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Gregor Johann Mendel

Gregor Johann Mendel

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Gregor Johann Mendel

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  1. Gregor Johann Mendel The Father of Genetics By: Jonathan Fisher

  2. Some Background on Mendel • Gregor Johann Mendel was born on July 20th 1822 in the Austrian empire (now the Czech Republic) and was given the name Johann Mendel. • In his childhood he gardened and studied beekeeping. • From 1840 to 1843 he studied practical and theoretical philosophy as well as physics at the University of Olomouc Faculty of Philosophy. • In 1843 Johann began training to become a priest and took up the name Gregorupon entering Augustinian Abbey of St Thomas in Brno. • In 1853 Mendel was a teacher at the Abby and mostly taught physics

  3. Mendel experiments • Encouraged by professors from his university and collogues from the Abby, Mendel began studying variation among plants in the Abby’s two hectare experimental garden. • He primarily studied pea plants and between 1856 and 1863 cultivated and tested around 29,000 plants! • Mendel cross bred pea plants based on certain phenotypes (physical characteristics) to see what phenotype their offspring would have. • Some of the phenotypes he observed and recorded were: Flower color, Stem size, Pod Color and Type, and the texture of the seeds.

  4. Findings • Through seven years of experimenting and observation Mendel made two monumental discoveries: The Law of Segregation and the Law of Independent Assortment. The Law of Segregation states that every individual possesses a pair of Genes for every phenotype. A single gene comes from each parent and is randomly selected from the two genes they have for the specific trait. Of the two genes that the individual possesses, whichever is dominant will express its phenotype over the recessive one. In order for a recessive gene’s phenotype to be expressed both of the genes present in the individual must be recessive. The PunnettSquare above shows the possible offspring from the two parent’s genes.

  5. Findings • The law of independent assortment states that genes for specific traits are passed down to offspring entirely independent of each other. One trait’s genes have no interaction or influence on other trait’s genes or expression. Mendel noticed, while looking at only one trait, a constant 3:1 trait expression ratio of dominant vs. recessive phenotypes when crossing parents who have both a recessive and dominant gene present. He noticed a 9:3:3:1 ratio when looking at two traits. Upon realizing it was just two 3:1 ratios combine he concluded genes are passed along independent of each other. This opposed the belief of “trait blending” that was popular at that time.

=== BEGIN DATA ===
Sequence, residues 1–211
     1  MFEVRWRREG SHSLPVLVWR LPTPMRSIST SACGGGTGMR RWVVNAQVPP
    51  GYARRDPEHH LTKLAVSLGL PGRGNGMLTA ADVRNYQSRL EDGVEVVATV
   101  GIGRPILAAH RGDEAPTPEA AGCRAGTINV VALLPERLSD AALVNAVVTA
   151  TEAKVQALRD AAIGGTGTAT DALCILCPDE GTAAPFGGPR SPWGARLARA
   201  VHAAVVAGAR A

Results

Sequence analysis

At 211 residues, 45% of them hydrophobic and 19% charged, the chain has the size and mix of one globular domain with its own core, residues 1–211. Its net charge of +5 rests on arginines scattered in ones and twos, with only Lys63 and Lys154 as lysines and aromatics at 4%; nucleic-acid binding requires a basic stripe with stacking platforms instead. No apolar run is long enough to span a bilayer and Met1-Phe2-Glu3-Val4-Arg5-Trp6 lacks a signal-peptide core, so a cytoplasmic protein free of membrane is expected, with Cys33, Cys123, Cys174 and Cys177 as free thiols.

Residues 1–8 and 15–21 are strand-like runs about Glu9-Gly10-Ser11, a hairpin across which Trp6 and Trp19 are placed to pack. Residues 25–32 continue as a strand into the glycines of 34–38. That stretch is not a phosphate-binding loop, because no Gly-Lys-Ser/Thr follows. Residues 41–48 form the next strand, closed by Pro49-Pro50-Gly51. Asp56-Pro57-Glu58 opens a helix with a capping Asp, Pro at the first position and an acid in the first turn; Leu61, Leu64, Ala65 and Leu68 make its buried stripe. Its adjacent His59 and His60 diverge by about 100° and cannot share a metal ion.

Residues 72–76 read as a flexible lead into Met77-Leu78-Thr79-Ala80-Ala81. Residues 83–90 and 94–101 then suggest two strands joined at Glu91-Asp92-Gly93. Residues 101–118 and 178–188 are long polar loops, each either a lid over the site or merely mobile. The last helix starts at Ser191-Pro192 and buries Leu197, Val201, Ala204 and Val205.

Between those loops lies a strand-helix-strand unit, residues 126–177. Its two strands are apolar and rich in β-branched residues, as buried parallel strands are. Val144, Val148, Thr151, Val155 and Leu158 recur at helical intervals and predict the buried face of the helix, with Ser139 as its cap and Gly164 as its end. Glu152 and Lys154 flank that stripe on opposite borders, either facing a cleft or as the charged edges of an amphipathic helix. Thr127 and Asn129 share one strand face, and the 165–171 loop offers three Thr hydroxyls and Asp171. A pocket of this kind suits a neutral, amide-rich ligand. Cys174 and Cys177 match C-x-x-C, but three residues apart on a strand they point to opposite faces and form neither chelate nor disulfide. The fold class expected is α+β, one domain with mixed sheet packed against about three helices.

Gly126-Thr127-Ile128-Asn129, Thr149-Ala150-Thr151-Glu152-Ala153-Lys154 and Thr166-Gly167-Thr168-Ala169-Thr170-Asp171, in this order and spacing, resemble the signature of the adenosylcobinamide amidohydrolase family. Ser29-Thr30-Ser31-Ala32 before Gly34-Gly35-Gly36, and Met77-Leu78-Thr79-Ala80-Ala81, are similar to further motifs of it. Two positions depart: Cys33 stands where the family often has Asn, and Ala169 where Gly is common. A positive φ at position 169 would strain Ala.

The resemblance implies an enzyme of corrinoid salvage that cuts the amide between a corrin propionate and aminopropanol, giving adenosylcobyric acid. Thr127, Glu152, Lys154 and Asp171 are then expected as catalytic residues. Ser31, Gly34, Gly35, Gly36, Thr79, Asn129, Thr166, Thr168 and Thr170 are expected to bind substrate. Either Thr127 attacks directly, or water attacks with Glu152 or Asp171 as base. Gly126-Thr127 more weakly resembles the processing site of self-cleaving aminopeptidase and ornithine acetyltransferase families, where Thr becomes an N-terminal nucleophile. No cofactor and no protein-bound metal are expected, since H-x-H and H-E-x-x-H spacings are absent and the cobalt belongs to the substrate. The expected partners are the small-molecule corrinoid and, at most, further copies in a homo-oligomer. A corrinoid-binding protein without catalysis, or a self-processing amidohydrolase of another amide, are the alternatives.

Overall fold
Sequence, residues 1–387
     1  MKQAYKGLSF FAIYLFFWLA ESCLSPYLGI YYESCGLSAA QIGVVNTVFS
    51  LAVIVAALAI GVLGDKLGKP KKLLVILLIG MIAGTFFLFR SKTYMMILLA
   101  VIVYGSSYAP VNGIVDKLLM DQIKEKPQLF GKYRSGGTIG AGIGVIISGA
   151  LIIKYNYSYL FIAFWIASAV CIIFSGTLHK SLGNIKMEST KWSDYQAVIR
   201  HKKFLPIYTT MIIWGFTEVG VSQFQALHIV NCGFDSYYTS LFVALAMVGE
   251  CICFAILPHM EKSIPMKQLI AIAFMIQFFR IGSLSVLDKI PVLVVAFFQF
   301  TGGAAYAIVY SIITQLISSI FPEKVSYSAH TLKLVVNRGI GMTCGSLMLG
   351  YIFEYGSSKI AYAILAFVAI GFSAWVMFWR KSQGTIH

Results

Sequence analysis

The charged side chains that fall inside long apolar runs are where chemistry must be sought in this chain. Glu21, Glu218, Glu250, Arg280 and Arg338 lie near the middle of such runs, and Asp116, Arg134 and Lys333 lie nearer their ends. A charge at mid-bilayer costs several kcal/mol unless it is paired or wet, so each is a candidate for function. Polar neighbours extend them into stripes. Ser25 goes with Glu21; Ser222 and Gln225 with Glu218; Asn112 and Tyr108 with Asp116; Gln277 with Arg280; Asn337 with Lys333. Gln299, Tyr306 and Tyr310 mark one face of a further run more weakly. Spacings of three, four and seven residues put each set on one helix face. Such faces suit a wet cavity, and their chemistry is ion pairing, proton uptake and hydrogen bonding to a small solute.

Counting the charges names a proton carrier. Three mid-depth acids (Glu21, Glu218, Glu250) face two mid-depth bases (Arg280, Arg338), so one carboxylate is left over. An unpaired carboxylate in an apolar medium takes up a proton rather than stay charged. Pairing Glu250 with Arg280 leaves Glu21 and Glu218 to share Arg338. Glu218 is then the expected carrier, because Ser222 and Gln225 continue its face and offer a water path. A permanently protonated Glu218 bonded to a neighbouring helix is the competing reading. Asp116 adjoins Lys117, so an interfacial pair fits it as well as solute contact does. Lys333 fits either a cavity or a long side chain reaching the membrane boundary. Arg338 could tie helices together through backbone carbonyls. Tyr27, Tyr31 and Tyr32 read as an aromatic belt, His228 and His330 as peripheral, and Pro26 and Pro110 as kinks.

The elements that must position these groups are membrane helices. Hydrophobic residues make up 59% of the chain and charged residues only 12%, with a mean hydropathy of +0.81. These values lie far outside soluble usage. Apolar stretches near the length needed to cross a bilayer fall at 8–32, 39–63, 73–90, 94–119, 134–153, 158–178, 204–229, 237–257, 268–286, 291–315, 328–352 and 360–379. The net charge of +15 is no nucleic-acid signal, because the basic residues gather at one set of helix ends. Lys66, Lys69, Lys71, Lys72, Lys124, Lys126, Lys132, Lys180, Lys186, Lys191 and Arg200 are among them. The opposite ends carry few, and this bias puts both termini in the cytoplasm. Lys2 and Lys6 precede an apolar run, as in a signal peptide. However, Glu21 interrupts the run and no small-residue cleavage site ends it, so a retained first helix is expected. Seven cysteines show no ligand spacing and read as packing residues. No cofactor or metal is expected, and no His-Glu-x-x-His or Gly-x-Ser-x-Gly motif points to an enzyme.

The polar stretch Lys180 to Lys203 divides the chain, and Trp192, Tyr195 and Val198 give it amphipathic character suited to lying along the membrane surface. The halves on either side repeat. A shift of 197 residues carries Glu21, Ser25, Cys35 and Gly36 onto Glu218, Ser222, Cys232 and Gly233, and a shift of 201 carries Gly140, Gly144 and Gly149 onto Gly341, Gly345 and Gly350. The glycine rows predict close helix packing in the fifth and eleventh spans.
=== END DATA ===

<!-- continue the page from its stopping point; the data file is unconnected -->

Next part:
6. Afterwards. . . . • After completing his experiments and publishing the results and laws as well as presenting them to Natural History Society of Brünn in Moravia in 1865., Mendel received little praise and most of his work was left untouched and unlooked at. • In 1900, however, his research was unearthed by Hugo de Vries and Carl Correns while they performed inheritance experiments as well. • After it was possible to view cell dividing and gamete production Mendel’s laws were proven correct!

  7. Some more information • Citation: Mendel Single Trait Experiments | Genetics | Biology. Great Pacific Media, 22 Oct. 2009. Web. 20 May 2011. <>

  8. Class Traits Activity • How many people in theroom have a hitch-hikers thumb? • How many people in the room can roll their tongue? • Does anyone know why some people can bend their thumbs back further than others or why some can roll their tongues and others can not? The Answer is Simple: GENES!

  9. Class Traits • Based on the number of students with hitchhiker’s thumbs and rolled tongues which trait do you think is dominant and which one is recessive for each phenotype? • Try to draw a punnett square for each trait showing the possible phenotypes of offspring from differently gene’d parents. • If you know your parents phenotypes for either of these two traits can you figure out what two genes you have?

  10. References GregorMendel, Alain F. Corcos, Floyd V. Monaghan, Maria C. Weber "Gregor Mendel's Experiments on Plant Hybrids: A Guided Study", Rutgers University Press, 1993. "The Mathematics of Inheritance". Online museum exhibition. The Masaryk University Mendel Museum. Retrieved Mar. 20, 2011. GregorMendel. Digital image. Gregor Mendel. Amazing News, 19 July 2011. Web. 15 May 2011. Mendel Single Trait Experiments | Genetics | Biology. Great Pacific Media, 22 Oct. 2009. Web. 20 May 2011. <>